PHILADELPHIA, PA | August 30, 2019
Most nights, we guzzled party platters of sushi for just the two of us and ate 40 pieces of dim sum ourselves. But on Tuesdays, we cooked dinner with Germaine.
For all our incessant eating and almost carnivorous college-student palates, these dinners went against our very being. We made vegan burgers and eggplant parmesan. Our dinner omelets were full of mushrooms, broccoli, and other green stuff that Anna (McGee ’22) and I would never purposely choose for our meals. And the kicker? We made it all from scratch.
Our hummus was not of the perfectly creamy store-bought variety; rather, it was of the chickpeas-tahini-butter-poured-into-a-food-processor-kind that’s more crunchy than creamy. Our whipped cream was made by me whisking heavy cream and sugar together. We used ingredients from Germaine’s garden in the back of her Philadelphia rowhome, and the pile of dishes left at the end of the night meant that I didn’t leave Germaine’s Airbnb until 10:30 p.m. every Tuesday.
Our nights together were inspired by Germaine’s philosophy — a belief in the journey of a dish from procurement to plate that meant eating sustainably and without waste, and an even greater belief that cooking with friends is better than cooking alone.
In practice, this meant we cooked without a microwave — because there was not a microwave in the kitchen — and we went without paper towels — because those are not sustainable. We cut off the florets of broccoli, which I ignorantly thought were the only edible parts of broccoli, and kept the stems to use for stock the next day.
We were an odd bunch. Anna and I are two college students from Kentucky and Illinois, respectively, who were planning on eating our way through Philly. And Germaine is an older woman, a holistic nurse who lives eclectically in a home of mango-colored walls and turquoise doors, a Greenpeace sticker on the back of her Prius.
In hindsight, I wonder about the twists of fate that brought us all together. The mishap with Anna’s first Airbnb that led her to seek out another one. My bragging about the neighborhood around my Airbnb that led Anna to South Philly. Germaine’s kindness to welcome Anna into her Airbnb under short notice. Germaine’s warmth to invite the friend of her Airbnb guest to dinner one Tuesday — which led to multiple Tuesdays.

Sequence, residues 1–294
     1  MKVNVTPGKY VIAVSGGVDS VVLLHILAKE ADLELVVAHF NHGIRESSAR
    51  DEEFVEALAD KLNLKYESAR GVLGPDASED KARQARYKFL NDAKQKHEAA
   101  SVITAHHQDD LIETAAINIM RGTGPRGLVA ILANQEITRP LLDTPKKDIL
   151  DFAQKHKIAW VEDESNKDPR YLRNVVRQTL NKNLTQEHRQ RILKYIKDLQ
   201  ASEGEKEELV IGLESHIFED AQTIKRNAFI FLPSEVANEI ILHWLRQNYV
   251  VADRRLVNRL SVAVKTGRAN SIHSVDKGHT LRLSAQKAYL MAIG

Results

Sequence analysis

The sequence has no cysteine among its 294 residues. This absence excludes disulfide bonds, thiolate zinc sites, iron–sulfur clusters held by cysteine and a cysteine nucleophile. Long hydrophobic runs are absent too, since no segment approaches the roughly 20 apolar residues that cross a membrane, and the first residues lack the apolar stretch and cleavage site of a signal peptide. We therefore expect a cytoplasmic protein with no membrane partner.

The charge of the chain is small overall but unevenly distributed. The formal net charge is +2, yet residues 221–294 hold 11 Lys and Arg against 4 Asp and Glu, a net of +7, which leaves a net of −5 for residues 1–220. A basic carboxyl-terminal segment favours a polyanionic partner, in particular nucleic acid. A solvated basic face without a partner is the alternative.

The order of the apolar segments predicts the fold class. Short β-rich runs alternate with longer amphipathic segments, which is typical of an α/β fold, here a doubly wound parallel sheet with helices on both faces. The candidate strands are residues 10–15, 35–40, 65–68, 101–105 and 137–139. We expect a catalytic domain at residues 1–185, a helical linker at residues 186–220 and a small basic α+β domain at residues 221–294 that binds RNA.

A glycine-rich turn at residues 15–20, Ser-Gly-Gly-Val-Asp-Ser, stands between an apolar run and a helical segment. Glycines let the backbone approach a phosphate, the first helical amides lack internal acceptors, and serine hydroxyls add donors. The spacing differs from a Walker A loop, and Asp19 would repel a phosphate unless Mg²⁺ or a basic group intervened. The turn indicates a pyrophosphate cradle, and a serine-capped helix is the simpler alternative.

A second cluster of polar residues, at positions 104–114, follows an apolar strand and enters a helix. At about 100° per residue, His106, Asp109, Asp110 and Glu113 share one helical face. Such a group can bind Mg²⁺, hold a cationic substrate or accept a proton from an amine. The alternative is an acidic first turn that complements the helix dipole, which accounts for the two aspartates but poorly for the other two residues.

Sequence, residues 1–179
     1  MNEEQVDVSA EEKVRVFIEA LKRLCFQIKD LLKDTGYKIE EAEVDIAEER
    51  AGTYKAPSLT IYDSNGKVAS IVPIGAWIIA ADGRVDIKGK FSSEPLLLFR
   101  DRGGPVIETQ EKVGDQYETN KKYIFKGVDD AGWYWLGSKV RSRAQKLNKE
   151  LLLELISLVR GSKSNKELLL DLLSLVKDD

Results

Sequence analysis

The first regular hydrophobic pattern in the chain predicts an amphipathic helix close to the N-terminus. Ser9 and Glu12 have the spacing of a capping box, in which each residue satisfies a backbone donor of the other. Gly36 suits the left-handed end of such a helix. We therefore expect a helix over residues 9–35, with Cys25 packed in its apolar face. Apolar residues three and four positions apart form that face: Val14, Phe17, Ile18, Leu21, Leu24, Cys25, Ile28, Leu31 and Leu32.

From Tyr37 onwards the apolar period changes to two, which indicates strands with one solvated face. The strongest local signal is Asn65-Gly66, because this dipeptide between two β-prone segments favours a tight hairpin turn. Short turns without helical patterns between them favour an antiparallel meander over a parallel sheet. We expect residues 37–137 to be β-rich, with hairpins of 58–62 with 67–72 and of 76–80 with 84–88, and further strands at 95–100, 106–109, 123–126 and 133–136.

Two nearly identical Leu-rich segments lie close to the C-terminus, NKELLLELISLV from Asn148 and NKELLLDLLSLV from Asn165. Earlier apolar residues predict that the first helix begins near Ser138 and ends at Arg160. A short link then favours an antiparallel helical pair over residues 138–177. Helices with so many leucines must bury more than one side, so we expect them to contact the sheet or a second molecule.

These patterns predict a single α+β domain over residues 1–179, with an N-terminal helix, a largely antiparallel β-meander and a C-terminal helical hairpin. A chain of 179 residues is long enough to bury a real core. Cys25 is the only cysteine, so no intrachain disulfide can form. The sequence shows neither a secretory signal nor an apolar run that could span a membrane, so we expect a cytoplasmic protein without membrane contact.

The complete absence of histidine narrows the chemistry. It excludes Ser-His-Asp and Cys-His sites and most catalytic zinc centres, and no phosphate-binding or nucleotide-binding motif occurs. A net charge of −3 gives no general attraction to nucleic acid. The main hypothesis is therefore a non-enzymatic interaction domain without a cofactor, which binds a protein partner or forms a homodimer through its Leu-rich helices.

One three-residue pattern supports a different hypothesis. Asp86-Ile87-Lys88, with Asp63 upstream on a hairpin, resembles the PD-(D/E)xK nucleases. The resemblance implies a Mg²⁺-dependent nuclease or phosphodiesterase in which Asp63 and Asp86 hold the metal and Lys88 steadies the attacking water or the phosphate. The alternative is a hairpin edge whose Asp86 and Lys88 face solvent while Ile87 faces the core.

Before the summer began, I had many ideas about what a summer in Philadelphia would entail, even though I had already broken many expectations when I accepted my internship. I was a Slavic major working at an affordable housing developer, and perhaps I was just looking for a way to make sure that every other element of the summer would be clearcut and predictable. I would be the stereotypical tourist who would stumble through Old City and Independence Hall. I would take a photo with the Rocky statue and try to have the stamina to run up the Rocky steps. My vision of a “good summer” was measured by the quantity of experiences that I wanted to have, and I had wanted to conquer Philadelphia in its entirety.
Ultimately, I didn’t do any of the options that those travel-advice sites told me, through numbered lists, that I should’ve done before I left Philadelphia. I didn’t go to Independence Hall (I went last year). I didn’t take a picture with the Rocky statue (the line was too long), and, perhaps most shockingly, I didn’t eat a Philly cheesesteak (it’s just meat and cheese!).
But I eventually realized that those wouldn’t have been the memories to stay with me anyway. Rather, the times when I knew we were all in together, doing stuff for and with each other, would. That first Tuesday we cooked. The Fourth of July in the office. That night we danced while doing dishes. That night “we” (mostly Anna) cooked without Germaine. That time we tried to find a suitable eggplant for half an hour and failed. That night we never ever thought would happen. The morning after.
I wish I was more conscious of those moments when I had them. I want to make dinner at Germaine’s with Anna again. I want to wander through a Mexican corner market as a clueless Slavic major looking for ingredients. I want to make whipped cream by hand in that kitchen and watch for the peaks in the cream.
Every week, when we finished cooking and setting the table and lighting candles to add to the ambience, we said grace. The first time I said grace, Germaine said I had too much “nervous energy” emanating off me — fair enough, I didn’t know what to say.
Now I do. I’m thankful for those fleeting moments where different journeys came together and where the food was good, and the company even better.
Follow Ivy on Twitter @itruong21.
Editor’s Note: The Prospect is thrilled to debut a new series, “Dispatches,” in which ‘Prince’ staffers reflect on their travel and work experiences over the summer. Whether close to campus or across the globe, our staff are gaining new perspectives and insights, and we are delighted to share some of them with you.